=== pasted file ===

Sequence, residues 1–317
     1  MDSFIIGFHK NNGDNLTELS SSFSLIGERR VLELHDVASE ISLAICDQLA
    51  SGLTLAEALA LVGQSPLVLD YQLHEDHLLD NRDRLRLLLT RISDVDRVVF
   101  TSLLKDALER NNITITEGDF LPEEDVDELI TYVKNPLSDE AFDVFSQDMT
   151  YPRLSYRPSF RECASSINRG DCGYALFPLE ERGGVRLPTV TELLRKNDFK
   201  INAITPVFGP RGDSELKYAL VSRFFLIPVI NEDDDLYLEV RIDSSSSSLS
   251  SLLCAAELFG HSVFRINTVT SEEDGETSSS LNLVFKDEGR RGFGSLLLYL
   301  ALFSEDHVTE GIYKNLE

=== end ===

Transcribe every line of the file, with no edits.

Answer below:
Sequence, residues 1–317
     1  MDSFIIGFHK NNGDNLTELS SSFSLIGERR VLELHDVASE ISLAICDQLA
    51  SGLTLAEALA LVGQSPLVLD YQLHEDHLLD NRDRLRLLLT RISDVDRVVF
   101  TSLLKDALER NNITITEGDF LPEEDVDELI TYVKNPLSDE AFDVFSQDMT
   151  YPRLSYRPSF RECASSINRG DCGYALFPLE ERGGVRLPTV TELLRKNDFK
   201  INAITPVFGP RGDSELKYAL VSRFFLIPVI NEDDDLYLEV RIDSSSSSLS
   251  SLLCAAELFG HSVFRINTVT SEEDGETSSS LNLVFKDEGR RGFGSLLLYL
   301  ALFSEDHVTE GIYKNLE